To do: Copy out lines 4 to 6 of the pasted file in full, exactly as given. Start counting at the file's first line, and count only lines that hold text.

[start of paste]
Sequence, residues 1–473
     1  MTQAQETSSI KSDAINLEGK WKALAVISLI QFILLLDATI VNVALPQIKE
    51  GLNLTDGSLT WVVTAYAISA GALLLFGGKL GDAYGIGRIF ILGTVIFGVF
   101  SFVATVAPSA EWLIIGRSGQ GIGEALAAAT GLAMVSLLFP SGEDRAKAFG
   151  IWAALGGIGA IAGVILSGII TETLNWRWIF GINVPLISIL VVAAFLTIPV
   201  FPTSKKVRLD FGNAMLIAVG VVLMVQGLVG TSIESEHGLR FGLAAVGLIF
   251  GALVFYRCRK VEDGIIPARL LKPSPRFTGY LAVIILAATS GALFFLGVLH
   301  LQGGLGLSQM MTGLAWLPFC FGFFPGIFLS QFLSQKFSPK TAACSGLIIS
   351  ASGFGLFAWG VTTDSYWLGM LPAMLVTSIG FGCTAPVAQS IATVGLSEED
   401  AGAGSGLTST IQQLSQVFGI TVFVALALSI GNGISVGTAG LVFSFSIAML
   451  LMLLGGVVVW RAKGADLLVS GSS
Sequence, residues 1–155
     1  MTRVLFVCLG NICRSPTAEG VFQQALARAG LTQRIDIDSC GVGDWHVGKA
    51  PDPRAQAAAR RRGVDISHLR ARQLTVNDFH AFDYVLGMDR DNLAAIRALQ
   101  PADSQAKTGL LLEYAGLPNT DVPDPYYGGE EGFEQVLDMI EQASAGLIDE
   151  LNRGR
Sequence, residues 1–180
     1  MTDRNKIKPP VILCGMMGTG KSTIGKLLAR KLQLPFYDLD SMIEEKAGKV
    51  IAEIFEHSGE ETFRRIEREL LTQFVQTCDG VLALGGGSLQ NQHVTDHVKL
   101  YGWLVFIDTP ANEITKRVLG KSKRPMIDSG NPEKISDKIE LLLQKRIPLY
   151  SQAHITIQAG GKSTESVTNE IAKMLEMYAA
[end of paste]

   101  SFVATVAPSA EWLIIGRSGQ GIGEALAAAT GLAMVSLLFP SGEDRAKAFG
   151  IWAALGGIGA IAGVILSGII TETLNWRWIF GINVPLISIL VVAAFLTIPV
   201  FPTSKKVRLD FGNAMLIAVG VVLMVQGLVG TSIESEHGLR FGLAAVGLIF